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A gruesome crime and subsequent surprising charging decision in Tyler Hill, Pennsylvania raised eyebrows across the country last week.

“A 10-year-old boy apparently angry that a 90-year-old woman had yelled at him held a cane against her throat and repeatedly punched her, killing her in her bed, prosecutors said,” reported the Associated Press Tuesday. “The boy was being held without bail Tuesday, charged as an adult with criminal homicide in the death of Helen Novak, a woman who was being cared for by his grandfather.”

Defendants of such a young age being charged as adults aren’t unheard of, even here in Indiana.

“An 11-year-old [Martinsville] boy charged with killing his brother is likely the youngest person to face a murder charge in Indiana in about 90 years,” reported the AP’s Charles Wilson July 2, 2011. “The Indianapolis Star reported Saturday that the last time someone so young was charged with murder in Indiana came in the early 1920s, when an 11-year-old was charged with murder and tried as an adult in northwest Indiana's Starke County. That boy wasn't convicted.”

So, we wanted to know: "What age, if any, should be the minimum to try someone in court as an adult? Why?"

18

“18. The law/government shouldn't be able to randomly pick and choose what constitutes an ‘adult.’” — Elizabeth Alexander

“18 should be it. I don't like how we can pick and choose if someone under 18 can be tried as an adult.” — Collin Nuss

“18.” — Cody Widner

17 and under

“If a child commits an adult crime try them as an adult. Doesn’t matter. They are adult enough to commit the crime as an adult let the punishment fit the crime.” — Andreia Vice Varnell

“10 years old is way too young to be tried as an adult. It'll be years before he is able to process and really understand this. Maybe 14 or 15 years old?” — Melissa LeBeau-Weselek

“I think 16 if the crime is bad enough.” — Peggy Shelton

Depends

“Everyone wants to try a minor as an adult — until it's THEIR child — but you cannot do that because development of a child is different in each individual. Each case should be evaluated for evidence of intent as well as the crime that has been committed. It must be a case by case decision.” — Annette Rockhill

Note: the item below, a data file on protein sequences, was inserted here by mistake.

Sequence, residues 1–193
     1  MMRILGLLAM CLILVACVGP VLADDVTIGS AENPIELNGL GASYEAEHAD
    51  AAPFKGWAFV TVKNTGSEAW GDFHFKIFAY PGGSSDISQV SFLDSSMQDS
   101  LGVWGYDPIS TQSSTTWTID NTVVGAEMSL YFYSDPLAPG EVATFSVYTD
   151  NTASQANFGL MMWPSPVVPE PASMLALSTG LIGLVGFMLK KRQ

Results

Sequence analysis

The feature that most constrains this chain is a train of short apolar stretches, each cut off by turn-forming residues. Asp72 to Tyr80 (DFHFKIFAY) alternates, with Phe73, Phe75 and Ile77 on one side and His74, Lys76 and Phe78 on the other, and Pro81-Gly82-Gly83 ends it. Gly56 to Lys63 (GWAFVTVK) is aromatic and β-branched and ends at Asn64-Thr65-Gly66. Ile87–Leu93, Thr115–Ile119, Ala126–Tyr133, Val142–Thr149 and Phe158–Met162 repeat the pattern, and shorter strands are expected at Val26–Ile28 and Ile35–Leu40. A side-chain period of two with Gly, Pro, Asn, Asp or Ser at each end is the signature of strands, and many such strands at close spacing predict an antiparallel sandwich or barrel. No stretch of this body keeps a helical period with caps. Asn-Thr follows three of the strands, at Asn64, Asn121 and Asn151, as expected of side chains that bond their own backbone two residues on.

“It has to be decided, each situation, each kid. [I] worked in the juvenile world for years; no two alike. Not a cut and dried thing. No cookie cutter answer. What if your kid is accused of a big crime and is learning disabled? Just something to think about.” — Linda Eckels

“Depends on the circumstances. But, I think if the child commits a crime under the age of 18, both parents should be tried right along with them. Perhaps that will bring more responsibility to knowing where your child is and what they are doing.” — Ed Helvig

Our answers

“I think around 14 sounds reasonable. But I would limit it to cases in which an adult, if put into the same position, would qualify for life in prison or the death penalty, and for when the juvenile suspect shows no remorse. In lesser cases, the goal should be rehabilitation rather than punishment in prison.” — Patrick Caldwell

“15. If a child is legally considered responsible enough to drive a car, the child ought to be at least responsible enough to not commit serious crimes.” — Sarah Einselen

“Seriously, think back to when you were 10. (If you can even remember back that far.) Would you want to be judged for the rest of your life for something that happened in grade school? We’re all products of the circumstances we grow up in, but this is especially true at that age. What life experience does someone have at 10? If 10-year-olds can be charged as adults, why not just let them drink, smoke and vote while we’re at it? Throwing the book at this kid at such a formative age is going to do nothing positive for anyone, except maybe satisfying some petty need for vengeance. I believe there are people under 18 who should be tried as adults, but the bar would have to be set pretty high for me to sign on. You’re basically ruining them for the rest of their lives, so you’d better be sure.” — Rob Burgess

Rob Burgess, Tribune night editor, may be reached by calling 765-454-8577, via email at rob.burgess@kokomotribune.com or on Twitter at twitter.com/robaburg.

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